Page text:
I’ve been challenged recently to jump down another rabbit-hole of endless research. This time it is Tyson, who writes:
We Christians in the United States point out that the Declaration of Independence is based on biblical principles. We protest when the Ten Commandments are taken out of courthouses because we believe the principles found in the law given to Moses are a good basis for our country’s laws. In my opinion, Christians are right to point to the Bible when looking for principles of good government and societal interaction. The Bible provides guidelines for fairness and establishes basic rights, such as the protection of personal property.
Yet, I’ve had consistent pushback from Christians close to me when I suggest that biblical principles advocating social justice deserve our equal attention.
I agree with this. I’ve known a lot of conservative Christians who are eager to outlaw homosexuality and abortion at the federal level, yet insist that it is unbiblical to allow the federal government to collect taxes for welfare programs. Moreover, for a long time it has been popular to account for disasters as the consequences of certain moral problems (abortion, homosexuality, not praying in school) while ignoring other moral problems (self-righteousness, hatred of foreigners, injustice toward the poor).
I recognize that principally this is a question of how our society and our economy should be organized, and that’s a big area to cover. So, I’m just going to do a focused study in the Bible and try to leave the current political, economic, and social controversies out of it until later.
The first thing to set aside is the use of the term “social justice.”
This is a loaded term for conservatives, since some have identified it as a secret code for “creeping communism.” Well, I think people who are paranoid about “creeping communism” need to stop obsessing about whether everyone is thinking happy thoughts about General Motors and Wall Street. The idiotic mindset of the 1950s is gone. The Chinese Communists are going to crush us with consumer debt, while the capitalist corporations are going to turn us into little mush-brained drones who parrot everything from the Glorious Leader; the white mainstream churches are heading down the primrose path of sanctifying homosexual marriage, while the black and latino Churches are standing up for traditional marriage; this is just the opposite from what the reactionary morons 50 years ago believed would happen.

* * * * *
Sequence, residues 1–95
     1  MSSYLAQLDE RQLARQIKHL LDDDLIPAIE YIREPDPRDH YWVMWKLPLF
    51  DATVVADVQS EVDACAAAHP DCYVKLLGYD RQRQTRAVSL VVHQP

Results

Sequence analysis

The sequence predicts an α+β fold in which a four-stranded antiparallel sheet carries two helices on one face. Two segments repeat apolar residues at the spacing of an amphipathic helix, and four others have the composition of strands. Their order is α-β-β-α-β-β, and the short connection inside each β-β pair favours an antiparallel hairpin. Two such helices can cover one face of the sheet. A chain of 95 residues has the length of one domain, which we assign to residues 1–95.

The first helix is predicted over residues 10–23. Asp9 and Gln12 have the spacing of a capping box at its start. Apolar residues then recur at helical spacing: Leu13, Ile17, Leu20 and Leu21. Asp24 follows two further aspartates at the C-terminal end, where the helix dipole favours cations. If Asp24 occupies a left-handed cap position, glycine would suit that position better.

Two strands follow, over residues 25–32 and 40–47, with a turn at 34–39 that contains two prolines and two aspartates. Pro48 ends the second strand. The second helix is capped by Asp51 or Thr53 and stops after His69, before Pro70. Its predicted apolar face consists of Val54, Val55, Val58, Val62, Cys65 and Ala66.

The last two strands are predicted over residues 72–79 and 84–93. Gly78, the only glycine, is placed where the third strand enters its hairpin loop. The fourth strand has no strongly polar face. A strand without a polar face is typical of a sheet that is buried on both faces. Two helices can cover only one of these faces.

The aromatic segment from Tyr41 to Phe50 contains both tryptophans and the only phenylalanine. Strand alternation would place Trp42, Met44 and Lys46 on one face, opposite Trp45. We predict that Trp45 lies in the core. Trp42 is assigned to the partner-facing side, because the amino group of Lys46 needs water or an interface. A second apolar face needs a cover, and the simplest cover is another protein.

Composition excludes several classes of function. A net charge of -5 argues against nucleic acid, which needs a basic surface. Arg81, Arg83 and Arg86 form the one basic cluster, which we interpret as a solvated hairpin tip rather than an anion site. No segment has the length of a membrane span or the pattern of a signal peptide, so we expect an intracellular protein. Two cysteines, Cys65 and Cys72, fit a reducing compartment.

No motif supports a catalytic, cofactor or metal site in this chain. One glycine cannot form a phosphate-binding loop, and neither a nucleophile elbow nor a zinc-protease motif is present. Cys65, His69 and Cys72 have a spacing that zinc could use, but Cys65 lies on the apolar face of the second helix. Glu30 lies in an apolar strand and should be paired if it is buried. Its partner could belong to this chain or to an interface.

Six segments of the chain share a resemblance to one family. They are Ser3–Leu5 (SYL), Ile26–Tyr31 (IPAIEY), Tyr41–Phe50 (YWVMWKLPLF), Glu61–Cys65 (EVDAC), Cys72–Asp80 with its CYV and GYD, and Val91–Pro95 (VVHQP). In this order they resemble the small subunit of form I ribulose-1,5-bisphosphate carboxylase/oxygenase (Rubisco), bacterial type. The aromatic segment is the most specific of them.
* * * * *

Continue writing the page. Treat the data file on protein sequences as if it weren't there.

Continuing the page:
Seeking social justice means seeking the most just way of ordering society, including politics and economics. Personally I am strongly libertarian, but the Old Testament has quite a bit to say about justice and the correct way to order society. Not even the most hypocritical Christian can deny this for long, so in the past most of the discussion has revolved around what parts of the OT apply to us now. I’ll get to that after I first survey the OT teachings on justice and society.
I’m focusing on the OT partly because Tyson is, but also because the NT is too easy. The NT has little support for any political involvement at all. It assumes that all authorities are coldly pragmatic up until they get swept away by the second coming of Jesus. One excuse for ignoring Jesus’ ministry is that He actually had nothing to say to Christians about how to behave in this world; all of His commands are said to concern behavior in the far future, when He will reign on earth during the Millennium. The OT, on the other hand, clearly concerns itself with contemporary matters of social order and justice. Or does it?
One take on this question is found over here, where Peter tries to distinguish between believers running their own country (e.g., ancient Israel) and believers exercising political power in pagan countries (Joseph, Daniel, and Nehemiah). This seems promising, until one reads Genesis 47 closely. Maybe God wants us to sell all our property and our bodies if we are starving, but sharecropping would have a pretty tough sell in the US right now. Maybe it will become popular after a few years of Great Depression 2.0.